On appeal, Crown argues that the hearing was insignificant and minor. Whether it was necessary to make the transcript of this hearing part of the record on appeal, however, was Crown's decision. Nothing required Crown to make the transcript of this allegedly insignificant, minor hearing part of the record on appeal. Having elected to make the transcript part of the record on appeal, Crown was obligated to have the transcript prepared and filed or to file an amended notice of appeal changing its election. Crown did neither. It is not the clerk of court's responsibility to go beyond the designation and determine whether a transcript is necessary. Boveland v. Young Women's Christian Assn. &c., 227 Ga. App. 241, 242 (1) (489 SE2d 35) (1997). It is too late now to argue that because the transcript of the hearing was not necessary, Crown's failure to order it in the first instance should be excused.
3. The trial court's initial determination is whether the delay was unreasonable. Central of Ga. R. Co. v. DEC Assoc., 231 Ga. App. 787, 789 (501 SE2d 6) (1998). This question refers to the length and effect of the delay (Sellers v. Nodvin, 262 Ga. 205, 206 (1) (b) (415 SE2d 908) (1992)) and is a separate issue from whether the delay was inexcusable. Cook v. McNamee, 223 Ga. App. 460, 461 (477 SE2d 884) (1996). A delay is unreasonable if it directly delays placement of the case on the earliest possible calendar in this court or delays the docketing of the appeal and the hearing of the case in this court. Kendall v. Burke, 237 Ga. App. 742, 743 (516 SE2d 791) (1999). The record in this case shows that Crown's failure to order the transcript in a timely manner did both. Thus, the trial court did not abuse its discretion by finding the delay unreasonable.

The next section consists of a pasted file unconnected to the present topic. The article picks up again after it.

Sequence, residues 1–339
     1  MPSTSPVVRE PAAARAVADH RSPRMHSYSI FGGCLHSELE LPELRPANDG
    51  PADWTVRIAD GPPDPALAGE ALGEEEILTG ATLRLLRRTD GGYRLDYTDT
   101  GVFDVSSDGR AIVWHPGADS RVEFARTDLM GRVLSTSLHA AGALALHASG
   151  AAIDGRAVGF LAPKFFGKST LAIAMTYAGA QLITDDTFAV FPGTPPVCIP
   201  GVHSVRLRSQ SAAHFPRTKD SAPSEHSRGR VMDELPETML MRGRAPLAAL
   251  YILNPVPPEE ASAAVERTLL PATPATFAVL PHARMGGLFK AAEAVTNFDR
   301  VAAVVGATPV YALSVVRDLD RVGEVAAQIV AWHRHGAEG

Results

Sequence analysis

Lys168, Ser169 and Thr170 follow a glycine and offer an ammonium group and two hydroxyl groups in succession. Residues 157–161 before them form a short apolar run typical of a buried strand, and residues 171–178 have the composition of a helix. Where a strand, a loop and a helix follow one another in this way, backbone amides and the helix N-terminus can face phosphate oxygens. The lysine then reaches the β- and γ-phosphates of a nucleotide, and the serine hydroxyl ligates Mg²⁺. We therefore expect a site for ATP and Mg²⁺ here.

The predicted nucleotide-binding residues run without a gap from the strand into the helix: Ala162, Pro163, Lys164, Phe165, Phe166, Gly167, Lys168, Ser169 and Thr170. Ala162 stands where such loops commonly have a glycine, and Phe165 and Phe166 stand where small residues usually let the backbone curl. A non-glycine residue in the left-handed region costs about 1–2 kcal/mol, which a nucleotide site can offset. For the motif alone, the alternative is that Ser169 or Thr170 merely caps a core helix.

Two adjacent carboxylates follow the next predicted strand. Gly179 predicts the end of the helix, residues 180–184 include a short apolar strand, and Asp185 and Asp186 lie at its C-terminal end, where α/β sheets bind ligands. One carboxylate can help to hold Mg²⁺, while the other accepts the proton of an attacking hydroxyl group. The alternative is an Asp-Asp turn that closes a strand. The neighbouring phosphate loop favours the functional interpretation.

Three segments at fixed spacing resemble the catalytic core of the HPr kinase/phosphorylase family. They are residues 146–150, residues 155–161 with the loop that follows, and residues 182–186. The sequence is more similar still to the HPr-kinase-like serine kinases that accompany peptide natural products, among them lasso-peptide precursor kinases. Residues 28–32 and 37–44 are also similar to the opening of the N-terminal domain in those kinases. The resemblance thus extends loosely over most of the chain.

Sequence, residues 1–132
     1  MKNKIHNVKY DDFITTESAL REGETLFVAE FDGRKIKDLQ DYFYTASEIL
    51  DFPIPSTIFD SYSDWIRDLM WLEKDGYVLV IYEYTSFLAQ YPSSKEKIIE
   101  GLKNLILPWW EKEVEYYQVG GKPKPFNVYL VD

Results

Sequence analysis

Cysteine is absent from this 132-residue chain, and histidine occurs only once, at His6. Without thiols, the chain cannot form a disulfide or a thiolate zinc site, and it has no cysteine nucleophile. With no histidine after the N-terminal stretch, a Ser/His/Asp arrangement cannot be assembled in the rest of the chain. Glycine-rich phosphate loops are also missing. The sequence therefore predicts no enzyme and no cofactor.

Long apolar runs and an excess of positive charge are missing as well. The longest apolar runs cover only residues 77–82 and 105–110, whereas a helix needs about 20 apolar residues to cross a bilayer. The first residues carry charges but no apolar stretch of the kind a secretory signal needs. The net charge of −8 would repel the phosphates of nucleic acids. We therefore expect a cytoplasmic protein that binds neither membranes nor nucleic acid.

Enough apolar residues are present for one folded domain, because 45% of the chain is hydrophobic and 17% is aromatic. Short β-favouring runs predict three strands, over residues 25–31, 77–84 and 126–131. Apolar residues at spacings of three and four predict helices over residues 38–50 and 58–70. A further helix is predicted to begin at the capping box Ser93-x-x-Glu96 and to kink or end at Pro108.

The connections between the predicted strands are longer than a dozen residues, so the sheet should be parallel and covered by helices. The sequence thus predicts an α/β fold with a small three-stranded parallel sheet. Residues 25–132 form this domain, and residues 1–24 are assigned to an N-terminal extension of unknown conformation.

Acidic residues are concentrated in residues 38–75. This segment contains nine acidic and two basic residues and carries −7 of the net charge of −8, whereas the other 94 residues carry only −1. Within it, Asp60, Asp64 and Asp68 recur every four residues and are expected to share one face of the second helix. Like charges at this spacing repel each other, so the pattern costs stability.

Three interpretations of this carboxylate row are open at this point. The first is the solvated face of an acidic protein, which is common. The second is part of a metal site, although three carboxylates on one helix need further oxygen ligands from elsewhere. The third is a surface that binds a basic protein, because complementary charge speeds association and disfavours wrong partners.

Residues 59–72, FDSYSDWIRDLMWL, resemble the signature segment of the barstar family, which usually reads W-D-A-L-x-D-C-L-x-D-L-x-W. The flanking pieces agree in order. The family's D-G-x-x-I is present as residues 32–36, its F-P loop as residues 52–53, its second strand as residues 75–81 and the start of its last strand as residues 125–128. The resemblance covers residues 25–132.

4. The next issue is whether the delay was inexcusable. "The ordinary signification applied to the word 'inexcusable' is that the conduct by act or omission was 'not excusable; incapable of being justified.' Webster's Encyclopedic Unabridged Dictionary of the English Language (1989)." Jackson v. Beech Aircraft Corp., 217 Ga. App. 498, 500 (2) (458 SE2d 377) (1995). Because Crown's only excuse for failing to order the transcript was that its counsel forgot, the delay was inexcusable. Even though counsel may have forgotten that he did not order the transcript, he also forgot to check to see if the transcript could be filed within 30 days of filing the notice of appeal. Counsel also forgot to request an extension for filing the transcript and never once checked on the status of the transcript with the court reporter. Checking on the status of the record with the appeals clerk does not rectify this lack of diligence. The trial court did not abuse its discretion by finding the delay inexcusable. See Burton v. Hamilton, 204 Ga. App. 18, 19 (418 SE2d 398) (1992).
This is not a case in which the trial court based its findings merely upon the failure of the appellant to request an extension of time in which to file the transcript. See Dalton v. Vo, 224 Ga. App. 382 (480 SE2d 377) (1997). Instead, it is one in which Crown did nothing to cause the transcript to be prepared. See Durden v. Griffin, 270 Ga. 293, 294 (509 SE2d 54) (1998).
5. Therefore, under the totality of the circumstances, the trial court did not abuse its discretion by dismissing the appeal in Case No. A99A2346 based on its conclusion that Crown caused a substantial delay in the ultimate docketing of this appeal so as to render it stale. Jackson, supra, 217 Ga. App. at 504.
Case No. A99A2347
6. In view of our disposition of the issues in Case No. A99A2346, Case No. A99A2347, which concerns the same dismissal of the same underlying appeal, is moot.
Cornelison & Van Gelderen, Leon A. Van Gelderen, for appellee.
1  No issue concerning the bond is asserted in either appeal.
2  Review of the hearing transcript shows the hearing concerned the trial court's final order in the case, including amounts that should be awarded.
McGee & Oxford, Donald L. Cook, Mozley, Finlayson & Loggins, Wayne D. Taylor, Lawrence B. Domenico, for appellant.
Thursday May 21 01:49 EDT